Nice result Lambda. Okey dokey, if you want to blitz dsotm in the mastering dept and put a huge silly grin on your face buy the following, unless you already have em then dont ,lol.
The Final Cut. Without a shadow of a doubt the best sq of all Floyd slabs, end of, i wont listen to any againsts,lol.
Pros and Cons of Hitchhiking. Just buy it .
Very good indeed.
I have to fully agree with you: while I've only ever heard two CD issues of DSotM (the original 80s pressing and the 2011 remaster) I'm still waiting to hear one which comes remotely close to a good vinyl pressing. I don't know why creating a really good stereo CD of DSotM is so hard. I'd even wager that any vinyl pressings from the past ten to fifteen years have been sourced from digital archives in Abbey Road to start with, including the 30th Anniversary LP which I highly rate, so it's not a problem which can be pinpointed directly at digital per se. Yet somehow it just doesn't work well on CD. On CD it's clinical, narrow, cold and uninviting. Just about the polar opposite of the same album on vinyl.
Audio: MacMini / AEX > AVI DM10 + BK Gemini II sub; Visual: Samsung BD-C5500 > Panasonic TX-L47ET5B.
Head-fi: various, but most often Sennheiser HD-580 or Audio Technica ATH-M50X
"On CD it's clinical, narrow, cold and uninviting. "
Yes, that was *exactly* what I thought when I put the CD on. My friend has the new box set of all of Pink Floyd. Can't say I'm amazingly impressed by the SQ on there either.
The best version of DSotM I possess on CD is the CDR I made myself from the 30th Anniversary LP. This is despite the fact that, compared to the commercial CD, the potential SQ of my home-recorded CD has been compromised by my turntable/arm/cartridge, my amp, my audio interface, the limitations of the vinyl LP itself as an audio-carrying medium, and the limitations of the cutting/pressing processes behind its manufacture. Go figure.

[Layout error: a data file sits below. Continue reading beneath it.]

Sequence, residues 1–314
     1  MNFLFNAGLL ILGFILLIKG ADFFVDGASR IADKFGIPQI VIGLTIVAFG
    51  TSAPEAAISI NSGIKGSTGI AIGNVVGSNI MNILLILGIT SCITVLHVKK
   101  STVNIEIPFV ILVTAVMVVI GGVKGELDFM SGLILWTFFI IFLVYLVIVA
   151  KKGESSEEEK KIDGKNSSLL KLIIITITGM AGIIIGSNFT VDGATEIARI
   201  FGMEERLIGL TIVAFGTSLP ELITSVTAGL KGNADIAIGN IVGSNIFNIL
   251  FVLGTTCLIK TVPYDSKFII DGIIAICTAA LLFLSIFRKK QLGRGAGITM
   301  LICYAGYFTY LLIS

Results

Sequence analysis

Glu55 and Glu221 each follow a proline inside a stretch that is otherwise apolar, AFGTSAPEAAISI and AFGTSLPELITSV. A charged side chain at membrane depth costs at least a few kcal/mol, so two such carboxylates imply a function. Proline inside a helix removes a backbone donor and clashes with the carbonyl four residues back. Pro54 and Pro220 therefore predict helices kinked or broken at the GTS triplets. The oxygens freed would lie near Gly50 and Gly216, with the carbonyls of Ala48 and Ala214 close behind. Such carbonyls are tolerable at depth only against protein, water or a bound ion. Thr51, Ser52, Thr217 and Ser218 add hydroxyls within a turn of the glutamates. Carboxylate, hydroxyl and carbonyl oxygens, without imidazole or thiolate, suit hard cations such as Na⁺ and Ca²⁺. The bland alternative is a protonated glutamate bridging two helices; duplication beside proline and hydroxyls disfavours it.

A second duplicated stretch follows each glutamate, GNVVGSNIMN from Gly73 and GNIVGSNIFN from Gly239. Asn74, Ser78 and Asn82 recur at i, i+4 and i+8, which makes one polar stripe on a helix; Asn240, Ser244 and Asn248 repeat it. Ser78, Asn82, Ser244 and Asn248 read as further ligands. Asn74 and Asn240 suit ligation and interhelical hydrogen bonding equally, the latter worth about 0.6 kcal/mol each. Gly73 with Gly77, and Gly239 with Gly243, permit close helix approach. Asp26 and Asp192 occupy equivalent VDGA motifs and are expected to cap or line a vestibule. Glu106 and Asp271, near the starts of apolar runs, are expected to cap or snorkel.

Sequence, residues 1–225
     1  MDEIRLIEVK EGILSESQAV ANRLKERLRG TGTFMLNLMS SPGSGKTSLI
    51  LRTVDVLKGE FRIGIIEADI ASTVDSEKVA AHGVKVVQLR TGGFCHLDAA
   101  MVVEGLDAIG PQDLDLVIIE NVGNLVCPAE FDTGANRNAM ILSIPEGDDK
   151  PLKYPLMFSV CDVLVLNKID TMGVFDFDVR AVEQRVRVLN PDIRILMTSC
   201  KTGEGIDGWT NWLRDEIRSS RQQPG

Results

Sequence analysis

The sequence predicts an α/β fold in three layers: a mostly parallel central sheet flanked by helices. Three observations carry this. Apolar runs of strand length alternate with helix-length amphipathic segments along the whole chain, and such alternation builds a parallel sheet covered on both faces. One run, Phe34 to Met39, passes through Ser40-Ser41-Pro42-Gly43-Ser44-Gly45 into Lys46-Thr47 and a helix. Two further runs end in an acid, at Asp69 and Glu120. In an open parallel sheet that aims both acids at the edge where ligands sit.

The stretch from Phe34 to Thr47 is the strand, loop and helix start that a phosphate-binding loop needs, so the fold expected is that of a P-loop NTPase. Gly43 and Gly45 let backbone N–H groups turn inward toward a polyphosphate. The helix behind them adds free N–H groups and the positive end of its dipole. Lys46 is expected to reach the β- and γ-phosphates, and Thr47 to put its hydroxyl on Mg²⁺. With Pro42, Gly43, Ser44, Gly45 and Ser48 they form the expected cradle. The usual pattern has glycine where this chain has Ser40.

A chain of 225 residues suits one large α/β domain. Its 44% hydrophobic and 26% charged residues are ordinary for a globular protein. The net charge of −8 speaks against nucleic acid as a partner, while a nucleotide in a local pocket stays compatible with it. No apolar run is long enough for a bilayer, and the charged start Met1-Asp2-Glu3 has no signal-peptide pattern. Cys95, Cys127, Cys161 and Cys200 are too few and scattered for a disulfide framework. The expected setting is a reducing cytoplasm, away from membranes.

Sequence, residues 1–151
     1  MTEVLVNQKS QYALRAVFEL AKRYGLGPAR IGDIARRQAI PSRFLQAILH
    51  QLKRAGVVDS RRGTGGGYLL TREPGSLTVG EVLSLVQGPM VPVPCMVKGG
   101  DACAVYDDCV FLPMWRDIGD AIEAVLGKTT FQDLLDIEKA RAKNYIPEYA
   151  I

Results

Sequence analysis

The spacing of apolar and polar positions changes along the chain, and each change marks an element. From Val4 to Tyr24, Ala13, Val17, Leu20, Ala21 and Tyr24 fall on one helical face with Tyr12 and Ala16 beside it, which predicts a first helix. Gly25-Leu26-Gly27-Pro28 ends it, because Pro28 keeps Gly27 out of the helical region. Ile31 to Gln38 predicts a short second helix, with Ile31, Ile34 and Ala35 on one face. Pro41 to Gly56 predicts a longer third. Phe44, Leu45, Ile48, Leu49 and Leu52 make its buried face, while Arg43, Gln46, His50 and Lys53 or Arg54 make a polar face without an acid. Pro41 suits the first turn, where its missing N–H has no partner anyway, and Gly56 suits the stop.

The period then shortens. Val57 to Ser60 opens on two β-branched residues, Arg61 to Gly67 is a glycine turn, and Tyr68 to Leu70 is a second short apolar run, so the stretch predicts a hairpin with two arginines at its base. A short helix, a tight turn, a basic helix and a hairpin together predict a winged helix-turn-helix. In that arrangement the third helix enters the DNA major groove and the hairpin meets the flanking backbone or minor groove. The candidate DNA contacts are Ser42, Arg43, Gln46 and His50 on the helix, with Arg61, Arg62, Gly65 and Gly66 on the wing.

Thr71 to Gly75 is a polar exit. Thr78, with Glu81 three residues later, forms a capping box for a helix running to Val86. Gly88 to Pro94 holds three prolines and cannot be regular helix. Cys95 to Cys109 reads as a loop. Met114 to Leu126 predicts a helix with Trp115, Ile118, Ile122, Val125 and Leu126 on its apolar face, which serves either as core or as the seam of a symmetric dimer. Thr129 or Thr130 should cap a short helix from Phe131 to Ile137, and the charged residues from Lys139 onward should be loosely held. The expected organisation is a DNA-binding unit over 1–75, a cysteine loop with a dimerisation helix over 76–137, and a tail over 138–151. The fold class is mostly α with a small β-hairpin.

I've got an original Wish you were here album and although the latest re-issue sleeves and posters are excellent, the sound quality - even through the crackles and surface noise- on the old record is certainly more immediate, dynamic and is cut at a higher level. I suppose it all depends on the cutting engineer and source of master material. It's a shame you cannot try before you buy.
That's where Spotify comes in handy, but it relies on the album you want being on it. And Floyd aren't. If they had been, I doubt I'd have bought the 2011 DSotM remaster. Conversely, I heard the Graceland 25th remaster on Spotify, thought 'Wow!' and immediately bought the CD.
Bit behind the times here . . . however, read the good, the bad and the frustrated coments in respect of dsom. Its 10 o'clock in the morning and we are waiting for the district nurse to come . . . drag out dsom, have a listen, I have the 'Original Master Recording' in vinyl and gold CD. Tried the last two tracks on both, as this is where the problems seem to be? . . . neither of my versions exhibited any hint of destortion, the CD is clearly inferior to the vinyl, but thats not a destortion issue. I have not played 'Dark side' for a while, so, after this post I will indulge in some well recorded vinyl nostalgia . . .
I have the 1997 version of Dark Side Of The Moon and that sounds great to me